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How to eat to relieve symptoms

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Menopausal nutrition – It may not be top of your list of things to figure out this week if you haven’t reached that stage in life yet, but even for the spring chickens among us, how much of a priority it really is. You may be surprised at how high

It’s easy to think of menopause, and even peri-menopause, as a distant future concern, but the sooner you make the necessary dietary adjustments (the opposite of deficiency, by the way), the better. . “Ideally, we want women to make sure they are well prepared in advance rather than waiting for symptoms to affect their health,” says registered dietitian and co-author of The Emma Bardwell said. The Menopause Solution: Control Your Hormones Before They Take Over You (Vermillion, £14.99). “Pre-warning is definitely pre-preparation.”

The average age of menopause is 51, and menopause begins in the 40s. It lasts four to seven years and can include symptoms ranging from mood changes to sleep problems to joint pain. All of this can be alleviated by organizing your dietary intake. The question is whether it is possible.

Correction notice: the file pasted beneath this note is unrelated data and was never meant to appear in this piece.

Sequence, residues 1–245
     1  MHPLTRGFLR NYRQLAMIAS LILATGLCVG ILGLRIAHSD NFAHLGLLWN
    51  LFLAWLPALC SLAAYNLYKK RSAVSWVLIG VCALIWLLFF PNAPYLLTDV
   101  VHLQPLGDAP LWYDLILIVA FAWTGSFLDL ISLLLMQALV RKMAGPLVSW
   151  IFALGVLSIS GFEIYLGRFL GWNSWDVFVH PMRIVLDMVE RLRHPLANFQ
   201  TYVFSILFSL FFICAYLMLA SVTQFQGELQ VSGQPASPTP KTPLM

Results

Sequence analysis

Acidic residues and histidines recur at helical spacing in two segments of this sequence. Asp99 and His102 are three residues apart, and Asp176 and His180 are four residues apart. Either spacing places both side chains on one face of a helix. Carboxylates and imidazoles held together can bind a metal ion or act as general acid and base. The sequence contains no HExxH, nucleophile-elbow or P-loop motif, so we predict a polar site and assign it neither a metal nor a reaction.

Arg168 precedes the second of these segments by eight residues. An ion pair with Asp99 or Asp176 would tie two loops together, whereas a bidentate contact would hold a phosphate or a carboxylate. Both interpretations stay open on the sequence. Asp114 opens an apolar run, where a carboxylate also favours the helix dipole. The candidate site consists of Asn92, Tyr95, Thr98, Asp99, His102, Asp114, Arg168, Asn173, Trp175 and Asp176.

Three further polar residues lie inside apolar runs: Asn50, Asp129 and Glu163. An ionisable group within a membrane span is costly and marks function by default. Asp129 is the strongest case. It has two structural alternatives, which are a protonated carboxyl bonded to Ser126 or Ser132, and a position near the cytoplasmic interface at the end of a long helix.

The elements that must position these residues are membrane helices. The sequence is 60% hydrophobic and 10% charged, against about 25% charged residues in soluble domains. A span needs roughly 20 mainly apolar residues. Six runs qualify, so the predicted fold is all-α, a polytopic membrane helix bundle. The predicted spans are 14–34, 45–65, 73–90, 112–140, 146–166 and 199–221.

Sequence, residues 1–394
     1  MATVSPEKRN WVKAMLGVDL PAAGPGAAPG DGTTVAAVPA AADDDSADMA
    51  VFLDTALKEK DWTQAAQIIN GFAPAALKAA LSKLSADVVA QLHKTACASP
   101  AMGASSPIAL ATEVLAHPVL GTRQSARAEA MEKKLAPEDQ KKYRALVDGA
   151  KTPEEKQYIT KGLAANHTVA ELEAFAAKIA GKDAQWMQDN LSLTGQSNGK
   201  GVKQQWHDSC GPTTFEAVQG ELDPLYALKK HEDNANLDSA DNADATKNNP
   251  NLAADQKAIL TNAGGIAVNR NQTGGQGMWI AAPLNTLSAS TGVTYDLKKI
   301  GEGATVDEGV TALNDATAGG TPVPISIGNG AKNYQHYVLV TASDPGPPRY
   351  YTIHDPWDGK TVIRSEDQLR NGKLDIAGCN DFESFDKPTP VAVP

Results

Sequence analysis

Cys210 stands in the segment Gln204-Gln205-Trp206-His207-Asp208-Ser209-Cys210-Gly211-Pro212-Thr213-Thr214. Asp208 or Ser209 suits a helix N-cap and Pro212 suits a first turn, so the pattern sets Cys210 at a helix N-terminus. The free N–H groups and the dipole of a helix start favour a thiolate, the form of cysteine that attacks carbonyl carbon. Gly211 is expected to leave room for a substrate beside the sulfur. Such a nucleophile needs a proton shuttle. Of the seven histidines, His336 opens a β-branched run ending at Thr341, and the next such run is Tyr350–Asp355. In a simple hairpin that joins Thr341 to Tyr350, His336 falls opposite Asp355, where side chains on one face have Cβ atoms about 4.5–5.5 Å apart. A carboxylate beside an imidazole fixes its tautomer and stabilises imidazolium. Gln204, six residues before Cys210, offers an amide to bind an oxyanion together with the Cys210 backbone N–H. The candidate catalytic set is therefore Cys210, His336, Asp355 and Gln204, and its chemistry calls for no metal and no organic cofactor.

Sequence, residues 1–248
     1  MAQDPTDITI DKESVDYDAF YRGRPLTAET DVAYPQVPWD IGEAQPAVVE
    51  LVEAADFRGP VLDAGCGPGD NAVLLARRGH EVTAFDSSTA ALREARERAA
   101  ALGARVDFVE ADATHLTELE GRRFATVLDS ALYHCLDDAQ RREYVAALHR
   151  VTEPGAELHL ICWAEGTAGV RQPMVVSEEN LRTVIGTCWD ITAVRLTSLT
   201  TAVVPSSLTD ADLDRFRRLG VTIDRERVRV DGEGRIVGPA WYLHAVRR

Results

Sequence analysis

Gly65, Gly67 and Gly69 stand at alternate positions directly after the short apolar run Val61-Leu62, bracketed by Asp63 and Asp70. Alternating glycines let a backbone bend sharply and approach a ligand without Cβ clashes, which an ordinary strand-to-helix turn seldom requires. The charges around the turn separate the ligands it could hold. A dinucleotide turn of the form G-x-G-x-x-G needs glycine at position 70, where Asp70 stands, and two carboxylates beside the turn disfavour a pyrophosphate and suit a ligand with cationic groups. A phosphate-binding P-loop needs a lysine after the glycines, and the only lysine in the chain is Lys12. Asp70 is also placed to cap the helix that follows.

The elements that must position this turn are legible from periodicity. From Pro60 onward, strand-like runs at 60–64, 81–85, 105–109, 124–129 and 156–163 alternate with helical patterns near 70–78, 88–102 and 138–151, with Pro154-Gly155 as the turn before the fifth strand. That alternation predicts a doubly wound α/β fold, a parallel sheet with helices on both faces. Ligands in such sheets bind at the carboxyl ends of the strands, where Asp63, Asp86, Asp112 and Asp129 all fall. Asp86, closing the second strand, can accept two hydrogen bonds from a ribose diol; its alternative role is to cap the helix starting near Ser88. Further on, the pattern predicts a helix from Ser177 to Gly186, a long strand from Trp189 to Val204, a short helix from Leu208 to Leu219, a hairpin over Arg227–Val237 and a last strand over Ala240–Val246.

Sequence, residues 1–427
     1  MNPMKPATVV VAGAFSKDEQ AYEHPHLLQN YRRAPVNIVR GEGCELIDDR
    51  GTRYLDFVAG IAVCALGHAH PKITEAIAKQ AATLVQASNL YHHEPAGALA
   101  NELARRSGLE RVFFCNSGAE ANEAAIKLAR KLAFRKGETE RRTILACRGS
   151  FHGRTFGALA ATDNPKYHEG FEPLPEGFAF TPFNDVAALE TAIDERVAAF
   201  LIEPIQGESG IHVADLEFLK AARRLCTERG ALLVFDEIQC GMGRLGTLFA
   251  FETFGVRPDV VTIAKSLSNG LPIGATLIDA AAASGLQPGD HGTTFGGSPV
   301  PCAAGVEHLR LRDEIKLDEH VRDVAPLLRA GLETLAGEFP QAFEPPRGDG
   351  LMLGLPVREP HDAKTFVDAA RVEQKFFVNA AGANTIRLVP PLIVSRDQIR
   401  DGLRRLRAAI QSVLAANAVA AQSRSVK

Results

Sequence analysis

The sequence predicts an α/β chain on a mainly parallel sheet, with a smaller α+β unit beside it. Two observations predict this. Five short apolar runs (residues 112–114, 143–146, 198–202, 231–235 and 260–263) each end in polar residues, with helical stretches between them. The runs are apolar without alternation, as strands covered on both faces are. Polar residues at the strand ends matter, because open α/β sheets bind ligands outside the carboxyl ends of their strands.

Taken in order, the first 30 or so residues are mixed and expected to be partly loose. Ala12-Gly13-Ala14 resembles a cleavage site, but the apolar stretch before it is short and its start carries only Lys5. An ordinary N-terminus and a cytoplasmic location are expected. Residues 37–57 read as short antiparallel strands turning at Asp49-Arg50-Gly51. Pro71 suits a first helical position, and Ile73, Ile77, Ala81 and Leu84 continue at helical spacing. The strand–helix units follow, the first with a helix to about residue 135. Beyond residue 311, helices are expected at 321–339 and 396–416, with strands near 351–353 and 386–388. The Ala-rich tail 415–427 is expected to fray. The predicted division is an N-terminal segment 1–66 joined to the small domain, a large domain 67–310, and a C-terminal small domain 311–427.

How can I nourish my body during menopause?

Half the battle is knowing where to direct your menopausal nutrition efforts in a world where everyone seems like an expert. For Birdwell, those areas are protein, blood sugar, fiber, and calcium. “In a nutshell, all women over the age of 40 need to be serious about eating for heart, brain and bone health.

nourish the heart

Get plenty of healthy unsaturated fats from foods like fatty fish, olive oil, avocados, nuts and seeds. Also pay attention to dietary fiber. According to the British Dietetic Association, an adult in the UK is only getting 60% of her recommended 30g per day. Increasing it helps manage weight (which is important during menopause) and builds diversity in the gut microbiome. Consider adding grains, beans, lentils, chickpeas, and fruit,” says Bardwell.

strengthen bones

Calcium is key to bone health, and it becomes more critical as we age. “After age 50, we lose 1 percent of bone mass each year, so we need to do everything we can to reduce bone mass and increase bone strength by then,” says Bardwell. It needs vitamin D and calcium. According to Bardwell, before age 50 he gets 700 mg of calcium a day, and after that he almost doubles to 1200 mg of calcium: dairy products, sardines, kale, broccoli, dried figs, tofu with calcium. , from foods such as fortified plant milks.

fuel your brain